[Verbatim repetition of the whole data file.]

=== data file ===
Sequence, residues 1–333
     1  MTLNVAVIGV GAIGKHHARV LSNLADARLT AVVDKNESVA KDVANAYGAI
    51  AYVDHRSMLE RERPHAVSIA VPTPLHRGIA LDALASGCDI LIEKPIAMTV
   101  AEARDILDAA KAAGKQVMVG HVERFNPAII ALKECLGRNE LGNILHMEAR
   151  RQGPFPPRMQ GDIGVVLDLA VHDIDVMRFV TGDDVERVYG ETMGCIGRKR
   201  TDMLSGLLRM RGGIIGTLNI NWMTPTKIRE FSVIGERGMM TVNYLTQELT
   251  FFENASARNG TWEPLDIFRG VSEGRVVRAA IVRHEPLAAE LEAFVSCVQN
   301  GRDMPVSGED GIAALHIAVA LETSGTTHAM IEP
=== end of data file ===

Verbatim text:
Sequence, residues 1–333
     1  MTLNVAVIGV GAIGKHHARV LSNLADARLT AVVDKNESVA KDVANAYGAI
    51  AYVDHRSMLE RERPHAVSIA VPTPLHRGIA LDALASGCDI LIEKPIAMTV
   101  AEARDILDAA KAAGKQVMVG HVERFNPAII ALKECLGRNE LGNILHMEAR
   151  RQGPFPPRMQ GDIGVVLDLA VHDIDVMRFV TGDDVERVYG ETMGCIGRKR
   201  TDMLSGLLRM RGGIIGTLNI NWMTPTKIRE FSVIGERGMM TVNYLTQELT
   251  FFENASARNG TWEPLDIFRG VSEGRVVRAA IVRHEPLAAE LEAFVSCVQN
   301  GRDMPVSGED GIAALHIAVA LETSGTTHAM IEP